HC Deb 14 May 1857 vol 145 cc259-60

asked the Secretary of State for the Colonies—with reference to the fact, appearing from the Parliamentary paper No. 147, of last Session, that, while the emigration officer at Hong Kong had refused to grant a certificate for more than eighty-one Chinese coolies being taken to sea by the John Calvin, bound for Havannah, that vessel carried away 297 such passengers, of whom 110 perished on the voyage, by suicide and disease, and twenty-three more in quarantine and hospital at Havannah—whether the conduct of the master, in taking passengers exceeding so greatly in number that for which the certificate was granted was a contravention of the Chinese Passengers Act of 1855, and, if so, whether instructions had been given for enforcing the penalties under the bond granted at Hong Kong in terms of that Act; or, if it be not, whether Her Majesty's Government would propose an Amendment of the Act to remedy a defect which gives such occasion to kidnapping and its consequences; and whether any communication has been made to his department of an explanation having been demanded or received from the British Consul General in Cuba of the statement, so far as regards the John Calvin, contained in his Report on the cases of that vessel and the Duke of Portland, that he had minutely inquired into them, and that there was no blame whatever attached to the masters of either vessel?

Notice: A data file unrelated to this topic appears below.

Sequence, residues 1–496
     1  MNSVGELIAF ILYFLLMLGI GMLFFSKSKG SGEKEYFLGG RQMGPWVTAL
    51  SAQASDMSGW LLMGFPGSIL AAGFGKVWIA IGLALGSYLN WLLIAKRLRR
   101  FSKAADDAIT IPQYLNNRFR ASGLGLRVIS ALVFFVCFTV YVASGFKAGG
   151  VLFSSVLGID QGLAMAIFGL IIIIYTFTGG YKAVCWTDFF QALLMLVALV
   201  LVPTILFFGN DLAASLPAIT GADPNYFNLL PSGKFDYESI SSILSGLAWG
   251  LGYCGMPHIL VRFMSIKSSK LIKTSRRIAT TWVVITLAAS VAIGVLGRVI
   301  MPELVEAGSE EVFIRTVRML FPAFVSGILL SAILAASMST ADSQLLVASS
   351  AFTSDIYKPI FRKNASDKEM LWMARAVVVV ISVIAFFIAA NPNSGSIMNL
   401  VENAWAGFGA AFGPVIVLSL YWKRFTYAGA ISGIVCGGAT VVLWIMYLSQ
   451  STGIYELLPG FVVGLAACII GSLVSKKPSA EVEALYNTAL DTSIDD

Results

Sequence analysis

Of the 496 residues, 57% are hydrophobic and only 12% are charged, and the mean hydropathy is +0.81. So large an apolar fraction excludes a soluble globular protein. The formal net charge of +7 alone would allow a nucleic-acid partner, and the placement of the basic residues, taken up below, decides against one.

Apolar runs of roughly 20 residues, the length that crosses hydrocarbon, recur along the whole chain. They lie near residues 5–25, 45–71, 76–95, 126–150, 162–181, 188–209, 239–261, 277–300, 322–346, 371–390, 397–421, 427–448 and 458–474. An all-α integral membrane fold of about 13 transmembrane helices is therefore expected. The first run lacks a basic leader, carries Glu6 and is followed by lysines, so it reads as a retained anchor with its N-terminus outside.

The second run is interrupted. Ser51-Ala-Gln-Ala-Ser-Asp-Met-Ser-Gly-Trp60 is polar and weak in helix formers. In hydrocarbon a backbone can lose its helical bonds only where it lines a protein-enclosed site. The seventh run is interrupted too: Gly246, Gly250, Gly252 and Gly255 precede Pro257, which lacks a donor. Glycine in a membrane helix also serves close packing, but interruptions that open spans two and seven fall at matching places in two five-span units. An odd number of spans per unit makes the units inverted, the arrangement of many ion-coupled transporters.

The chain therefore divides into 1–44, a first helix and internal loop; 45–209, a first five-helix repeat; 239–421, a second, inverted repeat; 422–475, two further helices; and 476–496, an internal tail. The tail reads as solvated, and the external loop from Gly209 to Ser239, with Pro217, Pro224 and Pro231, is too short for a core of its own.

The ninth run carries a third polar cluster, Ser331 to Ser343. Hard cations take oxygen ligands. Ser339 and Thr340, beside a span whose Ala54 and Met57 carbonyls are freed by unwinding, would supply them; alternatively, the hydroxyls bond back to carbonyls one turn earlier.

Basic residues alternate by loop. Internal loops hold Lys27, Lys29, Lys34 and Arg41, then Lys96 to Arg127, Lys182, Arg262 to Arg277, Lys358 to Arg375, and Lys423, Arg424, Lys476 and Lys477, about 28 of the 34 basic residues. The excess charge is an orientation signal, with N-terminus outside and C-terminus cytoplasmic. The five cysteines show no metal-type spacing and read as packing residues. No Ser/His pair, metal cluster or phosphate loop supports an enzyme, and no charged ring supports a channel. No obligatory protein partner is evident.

said, that the questions put by his hon. Friend related to a subject which had of late occupied a considerable amount of public attention. Unfortunately the retirement of the emigration officer from Hong-Kong had prevented him from receiving such detailed information upon that point as would, no doubt, otherwise have reached him. But he would state the facts of the case as accurately as he could. The John Calvin had left Hong Kong with a cargo of Chinese coolies. The number on board was less than she was authorised to carry in relation to her size. But undoubtedly there had been a most important irregularity in the case, inasmuch as the emigration officer at Hong Kong, whose duty it was to ascertain that the emigrants had been voluntarily engaged, had not licensed her to carry more than eighty-one of those on board. All the passengers she had carried beyond that number had, therefore, been carried in contravention of the spirit of the Act. There seemed, however, to be some difficulty in ascertaining whether the letter, as well as the spirit of the law, had been violated. He proposed to communicate upon the matter with the law officers of the Crown, and if they should think that there were grounds for a successful prosecution of any parties, he should take care to have proceedings taken against them in the name of the Crown. If, however, on the other hand, it should appear that there existed no grounds for such a prosecution in consequence of a defect in the Act, it would be his duty to see that that defect was removed. Such an improvement would not require the interference of the Imperial legislature, but might be effected by means of a colonial regulation, under the sanction of the Secretary of State for the Colonies. With regard to the Consul at Havannah, there was no reason, as far as he could judge, for imputing any blame to that officer. It seemed he had been warranted in stating that in the cases of both those vessels the passengers had been treated with humanity, and that the regulations as to the supply of the necessary provisions had been complied with. It was true that the Consul had not adverted to the irregularity as regarded the numbers on board the John Calvin; but there was reason to think that his instructions upon that point had not been sufficiently clear to have led him to inquire into the matter. The attention of the Government was being anxiously directed to the whole subject, and his noble Friend Lord Clarendon had recently determined to appoint an emigration officer at Amoy, for the purpose of affording an additional security that the provisions of the Passengers Act should be carried into effect. He could assure his hon. Friend and the House that no exertions would be spared on the part of the Government by which they could prevent unfortunate occurrences of that description.